Going down a rabbit hole can be a real headache, but when it leads you to Rabbit House, a small and cozy Japanese speakeasy in LES, you won’t mind getting caught up in a meal of creative Japanese tapas.
Davelle, an all-day Japanese cafe in the LES, is a small and cozy little nook hidden away on an obscure corner of Suffolk St that takes a little effort to get to, but it’s certainly worth the trip. I’d walk many avenues east for multiple bites of the restaurant’s signature mochi mochi spaghetti, which sounds a bit dubious at first, especially when the waitress describes the ketchup sauce, but second and third helpings of the pasta will erase those doubts. And once you’re finished, which will be too quickly, you’ll start eyeing other parts of the menu, which changes as the day progress from breakfast, lunch to dinner. Those breakfast toast sets sound mighty delicious.Read More
It’s crazy to think that a meal at Masa in NYC, which costs ~$595 a person pretax, is comparable to the cost of a round-trip ticket to Europe somewhere. I’m not quite convinced that one meal, no matter how good, would ever be equivalent to a transcontinental getaway. Those of us priced out of Masa will never find out if the food there is worth an arm and a leg, but what we can do is go to its more accessible sister restaurant Tetsu, a Japanese robata newly opened in Tribeca, where dishes are comfortably priced in the single or double digit range.Read More
Ato is a restaurant that’s very easy to miss, even if you’re looking for it. It looks like an abandoned retail space from the outside with no obvious signage around. Once you do a double take and notice the menu taped out front, you might be inclined to enter, although you’ll still wonder if this place is fully open. Something about it feels like it hasn’t completely repurposed its original retail space as a restaurant, even though there is an omakase counter and proper tables set up in there. But sure enough, Ato is very much fully operating, despite looking like a work in progress.Read More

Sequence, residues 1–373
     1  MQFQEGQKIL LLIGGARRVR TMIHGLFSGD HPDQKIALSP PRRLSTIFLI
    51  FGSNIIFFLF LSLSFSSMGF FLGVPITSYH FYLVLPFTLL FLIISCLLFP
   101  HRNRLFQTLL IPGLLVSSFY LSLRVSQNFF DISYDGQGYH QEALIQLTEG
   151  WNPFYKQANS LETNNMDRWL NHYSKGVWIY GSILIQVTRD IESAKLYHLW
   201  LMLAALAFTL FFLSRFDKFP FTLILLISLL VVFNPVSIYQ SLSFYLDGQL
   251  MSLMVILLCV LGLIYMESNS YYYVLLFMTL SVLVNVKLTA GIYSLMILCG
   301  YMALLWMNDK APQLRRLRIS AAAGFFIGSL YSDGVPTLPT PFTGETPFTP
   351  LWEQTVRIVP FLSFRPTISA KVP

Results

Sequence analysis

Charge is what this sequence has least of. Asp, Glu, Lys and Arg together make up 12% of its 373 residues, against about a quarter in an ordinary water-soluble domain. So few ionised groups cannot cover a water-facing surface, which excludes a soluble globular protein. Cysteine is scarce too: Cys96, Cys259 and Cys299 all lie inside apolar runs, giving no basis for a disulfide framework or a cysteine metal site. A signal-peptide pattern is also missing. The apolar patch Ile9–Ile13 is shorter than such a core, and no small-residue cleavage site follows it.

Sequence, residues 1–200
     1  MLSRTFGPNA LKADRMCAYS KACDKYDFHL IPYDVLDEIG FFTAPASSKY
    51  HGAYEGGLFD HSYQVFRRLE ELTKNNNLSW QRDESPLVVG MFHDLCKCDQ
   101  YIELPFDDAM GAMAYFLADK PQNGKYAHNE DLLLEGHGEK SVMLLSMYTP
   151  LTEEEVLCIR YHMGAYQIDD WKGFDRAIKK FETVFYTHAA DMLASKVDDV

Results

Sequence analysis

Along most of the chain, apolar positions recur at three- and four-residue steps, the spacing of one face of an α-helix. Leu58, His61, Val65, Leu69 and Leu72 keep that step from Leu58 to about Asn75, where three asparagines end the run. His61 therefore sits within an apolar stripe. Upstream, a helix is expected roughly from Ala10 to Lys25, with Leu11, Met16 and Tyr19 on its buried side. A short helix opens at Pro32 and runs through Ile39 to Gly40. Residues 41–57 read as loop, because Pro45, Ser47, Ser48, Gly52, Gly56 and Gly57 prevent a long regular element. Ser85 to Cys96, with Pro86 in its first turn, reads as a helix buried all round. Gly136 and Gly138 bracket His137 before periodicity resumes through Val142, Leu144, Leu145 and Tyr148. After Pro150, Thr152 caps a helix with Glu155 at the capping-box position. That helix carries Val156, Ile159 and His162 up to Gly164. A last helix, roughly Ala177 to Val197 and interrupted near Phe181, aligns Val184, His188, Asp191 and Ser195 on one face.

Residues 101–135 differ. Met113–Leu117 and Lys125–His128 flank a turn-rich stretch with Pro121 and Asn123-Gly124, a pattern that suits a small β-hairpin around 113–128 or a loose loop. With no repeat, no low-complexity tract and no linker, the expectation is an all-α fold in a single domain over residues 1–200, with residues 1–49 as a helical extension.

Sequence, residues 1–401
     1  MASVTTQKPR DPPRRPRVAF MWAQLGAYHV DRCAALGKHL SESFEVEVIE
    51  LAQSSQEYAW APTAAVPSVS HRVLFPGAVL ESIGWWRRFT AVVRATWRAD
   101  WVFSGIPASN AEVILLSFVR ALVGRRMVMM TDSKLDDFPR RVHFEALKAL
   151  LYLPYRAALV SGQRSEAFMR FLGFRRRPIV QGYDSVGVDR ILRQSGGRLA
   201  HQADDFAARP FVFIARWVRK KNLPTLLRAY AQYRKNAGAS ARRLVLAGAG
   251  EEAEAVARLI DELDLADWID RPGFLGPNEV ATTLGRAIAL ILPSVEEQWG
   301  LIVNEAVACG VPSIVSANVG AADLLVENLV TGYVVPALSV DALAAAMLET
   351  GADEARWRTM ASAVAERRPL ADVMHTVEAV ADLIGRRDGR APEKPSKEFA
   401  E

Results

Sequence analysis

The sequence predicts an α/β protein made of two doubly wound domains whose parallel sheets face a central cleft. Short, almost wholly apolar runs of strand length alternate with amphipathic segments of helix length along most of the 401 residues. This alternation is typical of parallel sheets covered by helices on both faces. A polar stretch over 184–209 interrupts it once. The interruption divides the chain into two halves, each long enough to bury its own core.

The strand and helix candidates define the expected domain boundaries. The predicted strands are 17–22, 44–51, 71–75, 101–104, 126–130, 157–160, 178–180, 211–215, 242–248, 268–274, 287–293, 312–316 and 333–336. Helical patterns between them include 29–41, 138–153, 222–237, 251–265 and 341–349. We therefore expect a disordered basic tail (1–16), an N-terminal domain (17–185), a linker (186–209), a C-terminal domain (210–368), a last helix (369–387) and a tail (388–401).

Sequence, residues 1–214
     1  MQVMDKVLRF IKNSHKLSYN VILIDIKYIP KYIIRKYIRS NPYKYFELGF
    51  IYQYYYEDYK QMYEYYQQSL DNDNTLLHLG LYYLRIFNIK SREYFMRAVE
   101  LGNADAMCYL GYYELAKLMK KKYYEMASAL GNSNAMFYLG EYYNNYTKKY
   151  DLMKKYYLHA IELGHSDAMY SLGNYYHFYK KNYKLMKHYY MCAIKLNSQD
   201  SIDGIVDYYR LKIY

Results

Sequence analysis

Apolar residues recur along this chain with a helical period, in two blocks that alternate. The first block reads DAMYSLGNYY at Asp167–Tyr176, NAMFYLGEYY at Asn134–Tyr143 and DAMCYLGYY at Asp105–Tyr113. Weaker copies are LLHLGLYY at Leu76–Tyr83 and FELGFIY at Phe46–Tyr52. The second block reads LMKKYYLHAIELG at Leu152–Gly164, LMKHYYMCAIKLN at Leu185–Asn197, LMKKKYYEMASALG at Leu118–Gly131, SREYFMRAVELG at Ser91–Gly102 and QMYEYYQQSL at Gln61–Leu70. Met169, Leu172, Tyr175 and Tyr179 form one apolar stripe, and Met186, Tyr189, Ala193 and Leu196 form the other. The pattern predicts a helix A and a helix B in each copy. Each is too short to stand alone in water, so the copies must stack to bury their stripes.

Japanese food in New York is pretty awesome. Whether you want excellent soba, ramen or yakitori, you have so many options to choose from. Nothing makes me happier than a rice bowl with delicious pieces of egg and pork tonkatsu laid on top. As you would expect, there are a lot of options for a kick ass donburi bowl, and other homestyle cooking items in general, and Ootoya makes a lot of them.
Ootoya is a Japan-based chain that specializes in traditional home cooking, specifically set meals, or teishoku, which generally consists of meat, fish, rice, miso soup and a side of pickled vegetables. The quiet buzzy atmosphere and the clean minimalist surroundings with an open-air dai really make you feel as if you’ve been transported to Japan. The food, most importantly, is comparable to what they’re serving in the mother land.
I was having a particularly rough Sunday, but as soon as I had a taste of the grilled mackerel in the hokke yuan dinner set, all my troubles seemed to melt away. I was too distracted by the deliciously unctuous and salty quality of the plump mackerel pieces sitting on top of the warm, herbal bed of rice. The hot miso soup, which was notable for the presence of thick, hearty vegetables throughout, was extremely soothing and was the perfect antidote for my depressing, cold Sunday night. Mixing in some chawanmushi into the rice and blending in the mackerel ponzu sauce really cinched things together into a delicious porridge.
The kaisen don, which was essentially a chirashi bowl served with a side of requisite soup, egg custard and pickles, was like a treasure chest of fresh, flavorful raw fish. Digging through the sushi vinegar rice and finding little orange bits of Santa Barbara uni and blue fin tuna was a very satisfactory treasure hunt, indeed. I tried to stop myself from picking at all the delicious rice, but when salty salmon roe awaits you, it’s hard to say no.
Throwing back all this food with a glass of Asahi and a bowl of green tea ice cream was just what I needed for the evening. I was at peace that my day sucked, and that tomorrow was an early start of the work week. They say you shouldn’t eat your feelings, but when stress and sadness are ingested in the form of delicious donburi, then this phrase definitely needs to be revisited.
8 West 18th Street
New York, NY 10011